HBO documentary shines light on Latino stars
LAURA WIDES-MUNOZ, Associated Press

MIAMI – Some leading Hispanic actors on mainstream TV include Sofia Vergara’s wacky trophy wife on Modern Family; the conniving Eva Longoria of Desperate Housewives; and supporting actors such as Adam Rodriguez who plays a fingerprint and underwater recovery expert on CSI Miami.

After that, the list thins considerably.

Stepping into that space is The Latino List. The new documentary by Vanity Fair contributing photographer Timothy Greenfield-Sanders airs Sept. 28-29 on HBO and HBO Latino and features interviews by award- winning broadcast journalist Maria Hinojosa with some of the nation’s most successful Latinos. Hinojosa has worked at CNN, NPR and PBS, and elsewhere.

Longoria, Supreme Court Justice Sonia Sotomayor, rapper Armando Christian Perez, aka Pitbull, astronaut Jose Hernandez and actress America Ferrera are just a few of the 15 who made the list. The interviews are compelling, funny and raw.

Ferrera, the former star of TV’s Ugly Betty, talks about the discrimination she faced both because she is Hispanic and because others felt she isn’t Hispanic enough. Hernandez recalls picking cucumbers as a kidwith his migrant worker parents. John Leguizamo remembers the teacher who inspired him to become an actor by telling him he had the “attention span of a sperm.”

Many of the stories touch on the immigrant experience, but themes of family, education and determination will likely resonate far beyond the U.S. Latino community.

The film follows Greenfield-Sanders’ acclaimed 2008 The Black List, a series of three documentaries featuring African-American leaders interviewed by journalist Elvis Mitchell. Like The Black List, The Latino List is accompanied by a larger photography exhibit now on display at the Brooklyn Museum of Art.

Greenfield-Sanders’ portraits have graced the walls of The Metropolitan Museum of Art in New York and The National Portrait Gallery in Washington. His style is refreshingly simple — the list-makers sit or stand alone before a gray background, their faces lit by soft light.

But the film’s minimalism is deceptive. Greenfield-Sanders wanted viewers to feel like the list-makers were speaking directly to them, so he used a special camera rig with a mirror that enabled his subjects to look directly into the camera and see a projectedimage of Hinojosa — who was sitting on the other side of the studio. She had a similar camera and microphone.

The result enabled the list-makers to have “face-to-face” conversations with her while allowing viewers to feel they are part of the conversation.

“It was like nothing I’ve ever done before, and I’ve done hundreds and hundreds of interviews from gang members to skinheads to CEOs,” Hinojosa said. She believes the camera technique helped create both a safe distance and an intimacy with the list- makers.

“We understand that the Latino experience in this country is profoundly beautiful and deeply moving, and sometimes painful. … I really wanted to create a space for them to remember and touch back to these core memories and values,” she said.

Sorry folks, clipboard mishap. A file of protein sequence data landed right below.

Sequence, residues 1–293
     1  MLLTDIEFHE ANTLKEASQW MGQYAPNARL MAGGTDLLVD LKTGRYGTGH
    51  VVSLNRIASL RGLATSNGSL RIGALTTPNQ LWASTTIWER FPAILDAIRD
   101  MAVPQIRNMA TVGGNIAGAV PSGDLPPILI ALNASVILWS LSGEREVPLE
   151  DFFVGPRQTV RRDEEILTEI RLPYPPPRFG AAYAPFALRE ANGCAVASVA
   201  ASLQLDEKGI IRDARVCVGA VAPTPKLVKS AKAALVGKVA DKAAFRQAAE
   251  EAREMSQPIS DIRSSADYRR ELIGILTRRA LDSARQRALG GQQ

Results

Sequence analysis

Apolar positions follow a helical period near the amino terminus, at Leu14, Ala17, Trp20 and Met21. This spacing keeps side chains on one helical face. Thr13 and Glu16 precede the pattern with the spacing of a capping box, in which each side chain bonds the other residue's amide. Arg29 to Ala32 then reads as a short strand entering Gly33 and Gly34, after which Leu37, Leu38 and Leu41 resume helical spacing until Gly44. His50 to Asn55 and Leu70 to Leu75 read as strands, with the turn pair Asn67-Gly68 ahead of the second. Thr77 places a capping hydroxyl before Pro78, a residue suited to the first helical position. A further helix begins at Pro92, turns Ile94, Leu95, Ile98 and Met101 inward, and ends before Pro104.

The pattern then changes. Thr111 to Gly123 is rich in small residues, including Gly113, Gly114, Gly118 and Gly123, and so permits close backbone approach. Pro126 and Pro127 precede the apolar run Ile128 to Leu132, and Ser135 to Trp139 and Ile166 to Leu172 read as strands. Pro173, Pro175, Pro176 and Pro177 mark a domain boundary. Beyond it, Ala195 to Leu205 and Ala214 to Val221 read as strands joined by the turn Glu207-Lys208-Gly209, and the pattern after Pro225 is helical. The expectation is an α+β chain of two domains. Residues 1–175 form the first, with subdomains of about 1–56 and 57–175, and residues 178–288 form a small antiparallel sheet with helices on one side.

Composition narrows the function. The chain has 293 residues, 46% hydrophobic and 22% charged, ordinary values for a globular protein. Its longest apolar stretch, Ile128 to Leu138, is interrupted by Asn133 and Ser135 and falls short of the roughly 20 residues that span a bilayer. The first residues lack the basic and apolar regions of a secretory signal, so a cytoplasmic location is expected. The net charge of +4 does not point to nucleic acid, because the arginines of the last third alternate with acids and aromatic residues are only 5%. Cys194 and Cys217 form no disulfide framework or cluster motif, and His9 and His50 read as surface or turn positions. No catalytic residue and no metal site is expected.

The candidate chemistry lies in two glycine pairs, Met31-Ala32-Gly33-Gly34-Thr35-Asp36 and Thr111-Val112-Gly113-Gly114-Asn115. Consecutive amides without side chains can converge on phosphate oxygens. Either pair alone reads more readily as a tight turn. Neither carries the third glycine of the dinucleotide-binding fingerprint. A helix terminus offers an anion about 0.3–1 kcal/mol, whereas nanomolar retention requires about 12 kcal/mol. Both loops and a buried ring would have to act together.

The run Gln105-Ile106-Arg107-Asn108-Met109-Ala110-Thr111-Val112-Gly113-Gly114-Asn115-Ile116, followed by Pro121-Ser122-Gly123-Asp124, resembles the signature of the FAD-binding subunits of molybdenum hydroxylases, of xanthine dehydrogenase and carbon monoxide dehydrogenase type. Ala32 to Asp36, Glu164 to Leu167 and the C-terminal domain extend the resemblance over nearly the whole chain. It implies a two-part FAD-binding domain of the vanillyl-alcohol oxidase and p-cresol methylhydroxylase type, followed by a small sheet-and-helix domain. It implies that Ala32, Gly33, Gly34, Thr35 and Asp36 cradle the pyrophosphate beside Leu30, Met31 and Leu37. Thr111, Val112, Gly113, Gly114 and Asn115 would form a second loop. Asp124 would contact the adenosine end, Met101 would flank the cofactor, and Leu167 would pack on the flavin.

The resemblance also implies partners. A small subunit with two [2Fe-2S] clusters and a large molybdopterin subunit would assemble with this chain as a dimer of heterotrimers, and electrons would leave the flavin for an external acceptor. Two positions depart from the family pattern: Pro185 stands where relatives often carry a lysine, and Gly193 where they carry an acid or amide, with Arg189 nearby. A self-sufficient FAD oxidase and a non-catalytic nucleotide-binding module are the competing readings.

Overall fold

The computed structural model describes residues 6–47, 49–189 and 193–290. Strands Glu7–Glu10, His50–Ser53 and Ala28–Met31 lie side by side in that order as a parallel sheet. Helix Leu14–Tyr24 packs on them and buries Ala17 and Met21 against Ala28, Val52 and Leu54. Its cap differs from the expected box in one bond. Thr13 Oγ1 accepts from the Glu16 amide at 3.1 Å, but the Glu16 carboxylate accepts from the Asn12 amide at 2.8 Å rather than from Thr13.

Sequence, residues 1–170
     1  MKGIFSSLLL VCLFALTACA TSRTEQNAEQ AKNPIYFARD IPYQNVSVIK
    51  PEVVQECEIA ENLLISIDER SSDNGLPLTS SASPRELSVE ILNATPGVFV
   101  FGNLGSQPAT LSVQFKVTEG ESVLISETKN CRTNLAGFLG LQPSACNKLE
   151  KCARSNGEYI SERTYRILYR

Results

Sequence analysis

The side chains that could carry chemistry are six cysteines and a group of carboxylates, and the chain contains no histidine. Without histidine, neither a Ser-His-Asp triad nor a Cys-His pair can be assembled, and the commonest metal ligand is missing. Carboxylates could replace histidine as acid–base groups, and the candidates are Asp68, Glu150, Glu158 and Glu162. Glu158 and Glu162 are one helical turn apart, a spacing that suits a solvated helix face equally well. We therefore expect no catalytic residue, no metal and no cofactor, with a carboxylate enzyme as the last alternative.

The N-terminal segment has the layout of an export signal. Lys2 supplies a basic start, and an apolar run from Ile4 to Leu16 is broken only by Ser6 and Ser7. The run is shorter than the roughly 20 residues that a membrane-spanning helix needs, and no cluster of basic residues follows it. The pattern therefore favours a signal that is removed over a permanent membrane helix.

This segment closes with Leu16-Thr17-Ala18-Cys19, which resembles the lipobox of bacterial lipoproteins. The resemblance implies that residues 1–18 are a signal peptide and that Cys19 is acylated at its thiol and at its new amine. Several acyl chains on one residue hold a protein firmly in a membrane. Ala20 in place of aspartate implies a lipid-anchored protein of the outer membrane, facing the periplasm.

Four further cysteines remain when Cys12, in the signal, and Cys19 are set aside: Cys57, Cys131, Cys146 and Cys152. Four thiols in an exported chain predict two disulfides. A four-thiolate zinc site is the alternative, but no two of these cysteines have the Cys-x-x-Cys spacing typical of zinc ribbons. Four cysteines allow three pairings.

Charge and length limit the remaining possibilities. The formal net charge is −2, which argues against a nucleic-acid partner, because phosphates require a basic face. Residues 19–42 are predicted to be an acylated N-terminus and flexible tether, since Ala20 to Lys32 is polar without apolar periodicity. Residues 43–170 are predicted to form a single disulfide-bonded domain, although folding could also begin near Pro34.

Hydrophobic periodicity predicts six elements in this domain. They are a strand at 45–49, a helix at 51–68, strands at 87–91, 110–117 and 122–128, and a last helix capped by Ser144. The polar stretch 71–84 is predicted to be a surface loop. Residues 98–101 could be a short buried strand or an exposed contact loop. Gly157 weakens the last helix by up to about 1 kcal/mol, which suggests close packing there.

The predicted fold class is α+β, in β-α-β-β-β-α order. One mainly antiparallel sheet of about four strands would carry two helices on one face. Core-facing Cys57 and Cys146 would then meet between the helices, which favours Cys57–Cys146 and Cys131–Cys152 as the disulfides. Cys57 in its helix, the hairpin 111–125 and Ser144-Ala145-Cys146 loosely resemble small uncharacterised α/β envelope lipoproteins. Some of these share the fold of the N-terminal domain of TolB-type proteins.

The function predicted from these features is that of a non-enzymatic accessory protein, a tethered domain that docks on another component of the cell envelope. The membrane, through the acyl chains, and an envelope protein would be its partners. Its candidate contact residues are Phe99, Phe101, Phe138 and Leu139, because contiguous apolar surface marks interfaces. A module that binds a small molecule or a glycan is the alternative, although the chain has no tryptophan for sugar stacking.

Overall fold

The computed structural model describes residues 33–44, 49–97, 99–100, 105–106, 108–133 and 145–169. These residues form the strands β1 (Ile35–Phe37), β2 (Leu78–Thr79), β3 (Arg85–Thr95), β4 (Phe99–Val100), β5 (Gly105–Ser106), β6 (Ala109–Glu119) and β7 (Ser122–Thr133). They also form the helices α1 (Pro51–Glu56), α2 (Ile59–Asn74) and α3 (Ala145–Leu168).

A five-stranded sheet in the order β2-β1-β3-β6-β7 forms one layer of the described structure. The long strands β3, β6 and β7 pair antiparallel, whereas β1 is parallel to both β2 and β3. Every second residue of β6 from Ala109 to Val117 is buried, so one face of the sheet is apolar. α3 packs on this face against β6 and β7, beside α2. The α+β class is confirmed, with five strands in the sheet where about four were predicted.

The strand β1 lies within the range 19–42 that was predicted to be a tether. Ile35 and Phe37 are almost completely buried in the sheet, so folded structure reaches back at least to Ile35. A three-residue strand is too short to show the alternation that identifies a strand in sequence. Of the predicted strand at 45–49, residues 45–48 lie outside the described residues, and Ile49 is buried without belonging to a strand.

In an exchange not in the film, Hinojosa even found herself asking Sotomayor parenting advice: Should she allow her then 11-year-old daughter to pluck her thick, Frida Kahlo- style eyebrows?

Sotomayor’s advice: Yes, but help the girl develop a strong sense of self in other more fundamental ways.

“Maria Hinojosa is an amazing interviewer and got me to go places I might not have gone on my own,” said Democratic Sen. Robert Menendez, who is in the film. “I think it will give non-Latinos a way to better understand who we are, and hopefully give Latinos a sense of pride.”

In his interview, the Cuban-born politician recalled an incident early in his career as a mayor,when he spoke Spanish at a city council meeting to a woman struggling with English.

When members of the audience complained, Menendez adjourned the meeting and brought the entire room to the city archives to see old official ledgers. They were handwritten in German, the language of the area’s large immigrant community at that time.

Hinojosa said the experience was particularly powerful because the filming coincided with the passage of Arizona’s tough immigration laws, although the current political debate over immigration is barely touched upon in the film.

That will likely generate controversy. And while Mexican-Americans make up nearly two- thirds of U.S. Hispanics, the film features a rough balance of Mexican-Americans, Cuban-Americans and Puerto Ricans. Ferrera, whose family is Honduran, is the sole representative of Latinos of Central American heritage. Colombian native John Leguizamo is the only South American.

Greenfield-Sanders is aware of the potential criticism but makes no apologies.

He worked with Ingrid Duran, the former CEO of the Congressional Hispanic Institute, to reach an array of political and cultural leaders. He says narrowing the list proved even more challenging than The Black List.

“Like The Black List, we had to choose a kind of a balance of men and women, and a balance of professions, and then with The Latino List we had to find a balance of nationalities, too,” he said.

He hopes the film will spawn sequels.

Added Greenfield-Sanders: “There are thousands of people who deserve to be in the film.”

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